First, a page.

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not only as being the most ancient code of laws ever promulgated, but as being the first specimen of writing that ever existed, which, although maintained by some, is certainly carrying the argument too far. The materials on which the Jews and other eastern nations wrote were various. The most ancient we read of, were the two tables of stone on which the Decalogue was written; and the two altars mentioned in Deut. xxvii. 8., that were erected for a similar purpose, unless we account the book of Job of an ancienter date. For in Job xix. 23, 24, we have three ways of writing mentioned, viz. writing in a book, engraving on lead, and engraving on a rock. It would appear, that engraving on rock especially, was the way in which the ancients chose to preserve inscriptions. For the Prefetto of Egypt mentions a place not far from the mountains of Faran in the wilderness of Sinai, where, for the distance of three miles, they met with ancient unknown characters, cut here and there on the hard marble rock, at the distance of 12 or 14 feet from the ground, with the greatest industry. Maillet mentions something of the same kind in the plain of Mummies in Egypt, (Lett. 7.) Maundrell gives an account of figures and inscriptions like these abovementioned, which are graven on polished parts of the natural rock, and at some height above the road, which he found near the river Lycus (p. 37.) And Mr. Macdonald Kinneir, when speaking of Babylon, says, that he observed several kinds of bricks that appear to have been in use among the Babylonians, some of which were burnt by the fire for facing, and others dried in the sun for the heart of the building. Of the former he distinguished four kinds, but the most common were about a foot square, and three inches thick, with a distich of the characters so common at Persepolis, and similar in appearance to the barb of an arrow. The author of the present work saw one of these bricks, exactly answering the above description, which had been brought from Babylon by one of the suite of General Sir John Malcolm.

It is generally thought that engraving on brass and lead, and on a rock or tablet of stone, was the form in which the public laws were written; but that rolls of linen, first painted and then written upon, was the common form of books. Two things corroborate this opinion. 1st. That tablets of stone or plates of metal could not have been cut with a knife and thrown into the fire, as Jeremiah's roll was by Jehoiakim. And 2dly, The linen bandages which surround the mummies are commonly filled with hieroglyphical characters. Prideaux informs us, that the Egyptian papyrus (from whence our English word paper is derived) was not known till the building of Alexandria, by Alexander the Great, and consequently later than the times of the prophets; and that parchment (pergamena, from Pergamus in Asia Minor, where it was first used,) was of later date than the papyrus. The leaves and inner bark of trees (called Bußhos and Liber) were indeed sometimes used instead of paper; as were the thin plates of wood (tabellæ) either plain or covered with wax, but both the Jews and other nations resorted at length to the linen or parchment, as being most convenient ; for paper, like that in present use, is only a modern invention. The Jewish manner of writing was suited to their materials. For when stone, lead, brass, wood, wax, or papyrus, were used, they wrote with a bodkin or style of Iron; and hence it is that every man's writings or com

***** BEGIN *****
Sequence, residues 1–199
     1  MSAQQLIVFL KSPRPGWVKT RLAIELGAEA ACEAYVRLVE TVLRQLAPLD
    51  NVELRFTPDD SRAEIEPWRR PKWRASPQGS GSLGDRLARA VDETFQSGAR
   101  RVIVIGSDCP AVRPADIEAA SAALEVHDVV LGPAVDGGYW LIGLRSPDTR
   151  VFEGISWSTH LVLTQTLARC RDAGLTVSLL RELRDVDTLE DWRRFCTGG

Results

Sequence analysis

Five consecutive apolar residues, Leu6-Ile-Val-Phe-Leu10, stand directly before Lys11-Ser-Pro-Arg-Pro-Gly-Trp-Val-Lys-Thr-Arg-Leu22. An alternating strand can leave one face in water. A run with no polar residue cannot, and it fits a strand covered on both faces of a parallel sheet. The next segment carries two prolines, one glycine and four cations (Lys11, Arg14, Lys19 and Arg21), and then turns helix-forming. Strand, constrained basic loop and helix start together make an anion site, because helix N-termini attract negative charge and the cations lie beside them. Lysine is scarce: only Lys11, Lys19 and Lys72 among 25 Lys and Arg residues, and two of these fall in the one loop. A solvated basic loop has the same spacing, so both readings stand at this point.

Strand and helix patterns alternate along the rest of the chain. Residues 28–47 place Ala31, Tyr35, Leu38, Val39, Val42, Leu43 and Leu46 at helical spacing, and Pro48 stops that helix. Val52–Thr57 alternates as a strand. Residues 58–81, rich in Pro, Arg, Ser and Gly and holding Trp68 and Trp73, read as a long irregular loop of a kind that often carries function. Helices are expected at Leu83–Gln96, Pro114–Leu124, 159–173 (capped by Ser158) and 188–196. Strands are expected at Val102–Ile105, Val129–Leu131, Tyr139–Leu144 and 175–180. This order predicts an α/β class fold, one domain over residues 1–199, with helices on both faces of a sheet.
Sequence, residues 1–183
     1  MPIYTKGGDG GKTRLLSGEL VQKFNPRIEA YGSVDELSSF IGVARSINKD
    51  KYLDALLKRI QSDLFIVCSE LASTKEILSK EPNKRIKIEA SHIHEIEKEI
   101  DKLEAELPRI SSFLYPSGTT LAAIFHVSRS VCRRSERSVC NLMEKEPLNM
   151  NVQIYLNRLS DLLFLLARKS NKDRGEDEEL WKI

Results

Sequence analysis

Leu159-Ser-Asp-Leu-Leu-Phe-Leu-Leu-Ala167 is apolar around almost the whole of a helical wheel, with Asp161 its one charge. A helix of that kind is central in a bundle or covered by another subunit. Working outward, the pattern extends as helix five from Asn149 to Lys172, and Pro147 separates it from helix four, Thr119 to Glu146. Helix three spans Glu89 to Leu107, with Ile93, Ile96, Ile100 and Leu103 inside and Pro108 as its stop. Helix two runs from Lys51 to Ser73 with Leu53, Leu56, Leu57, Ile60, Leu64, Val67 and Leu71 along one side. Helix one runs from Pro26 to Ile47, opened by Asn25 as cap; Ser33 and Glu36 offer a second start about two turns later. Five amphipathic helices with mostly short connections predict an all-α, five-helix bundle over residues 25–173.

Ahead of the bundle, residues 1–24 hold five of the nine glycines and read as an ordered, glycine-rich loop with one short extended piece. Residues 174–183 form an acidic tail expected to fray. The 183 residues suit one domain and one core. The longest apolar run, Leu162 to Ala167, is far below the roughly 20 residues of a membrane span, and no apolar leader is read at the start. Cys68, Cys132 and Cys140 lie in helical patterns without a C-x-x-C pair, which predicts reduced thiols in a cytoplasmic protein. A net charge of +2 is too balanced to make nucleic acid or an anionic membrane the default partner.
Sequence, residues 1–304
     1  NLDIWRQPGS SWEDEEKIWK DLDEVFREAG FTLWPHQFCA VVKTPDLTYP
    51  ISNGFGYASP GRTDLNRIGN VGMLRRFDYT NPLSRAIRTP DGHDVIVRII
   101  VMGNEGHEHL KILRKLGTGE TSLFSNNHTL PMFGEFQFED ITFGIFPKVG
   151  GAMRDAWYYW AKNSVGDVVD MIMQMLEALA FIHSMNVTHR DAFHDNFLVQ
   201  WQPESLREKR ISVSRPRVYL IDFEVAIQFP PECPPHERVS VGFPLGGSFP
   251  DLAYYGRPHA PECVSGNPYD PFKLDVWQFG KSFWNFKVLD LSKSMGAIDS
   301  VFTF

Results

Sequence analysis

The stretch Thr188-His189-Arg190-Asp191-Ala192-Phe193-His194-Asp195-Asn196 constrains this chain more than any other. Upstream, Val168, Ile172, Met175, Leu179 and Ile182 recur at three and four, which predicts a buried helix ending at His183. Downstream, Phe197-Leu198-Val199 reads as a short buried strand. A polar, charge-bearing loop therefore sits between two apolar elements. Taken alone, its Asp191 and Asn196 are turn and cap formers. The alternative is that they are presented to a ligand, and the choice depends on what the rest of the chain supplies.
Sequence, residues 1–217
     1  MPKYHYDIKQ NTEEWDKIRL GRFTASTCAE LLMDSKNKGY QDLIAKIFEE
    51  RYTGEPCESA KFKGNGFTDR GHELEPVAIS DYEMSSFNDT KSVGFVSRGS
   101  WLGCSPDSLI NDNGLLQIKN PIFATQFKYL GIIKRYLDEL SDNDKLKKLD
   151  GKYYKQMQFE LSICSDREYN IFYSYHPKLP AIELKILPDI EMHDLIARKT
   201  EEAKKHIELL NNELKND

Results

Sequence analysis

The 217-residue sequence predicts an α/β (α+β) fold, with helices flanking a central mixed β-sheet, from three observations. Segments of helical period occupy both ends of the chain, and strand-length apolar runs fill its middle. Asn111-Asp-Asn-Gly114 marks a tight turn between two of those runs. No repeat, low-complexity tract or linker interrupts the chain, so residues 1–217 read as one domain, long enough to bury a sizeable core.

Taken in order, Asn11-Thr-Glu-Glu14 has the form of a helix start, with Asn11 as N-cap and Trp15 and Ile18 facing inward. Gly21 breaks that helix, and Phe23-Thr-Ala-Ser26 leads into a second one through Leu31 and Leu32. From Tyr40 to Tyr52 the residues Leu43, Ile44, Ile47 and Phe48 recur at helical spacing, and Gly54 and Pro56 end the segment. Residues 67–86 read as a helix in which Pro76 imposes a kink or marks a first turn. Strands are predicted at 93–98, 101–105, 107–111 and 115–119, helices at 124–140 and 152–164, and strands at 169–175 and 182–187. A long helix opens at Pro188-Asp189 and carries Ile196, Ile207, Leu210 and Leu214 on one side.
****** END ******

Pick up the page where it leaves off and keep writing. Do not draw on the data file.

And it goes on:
Geograph. Memoir of the Persian Empire, A. D. 1810, p. 279. > Ch. xxxvi. 23. € Prideaux Connect. A.A.C. 332.

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positions are called different styles ;“ But when they wrote on linen or parchment, they used a reed (calamus) formed into a pen, and some colouring substance equivalent to ink; like Isaiah when he wrote his prophecy in ch. viii. 1. In Ezekiel ix. 2, 3, 11. we read of six persons with scribes' or writers' ink-horns at their sides or girdles, which, though not conformable to our customs, is yet agreeable to those of the East. Thus Dr. Shaw informs us, that among the Moors in Barbary, “ the Hojas, that is, the writers or secretaries, suspend their ink-horns in their girdles, a custom as old as the prophet Ezekiel :” and adds in a note, that “the part of these ink-horns (if an instrument of brass may be so called) which passes betwixt the girdle and the tunic, and holds their pens, is long and flat; but the vessel for the ink, which rests upon the girdle, is square, with a lid to clasp over it.” And Hanway in like manner says of the Persians, that their writers carry their ink and pens about them in a case, which they put under their sash,” which Sir John Malcolm tells us is about ten or twelve inches in length, and three or four round, beautifully painted, and is also worn by ministers in Persia as an ensign of office.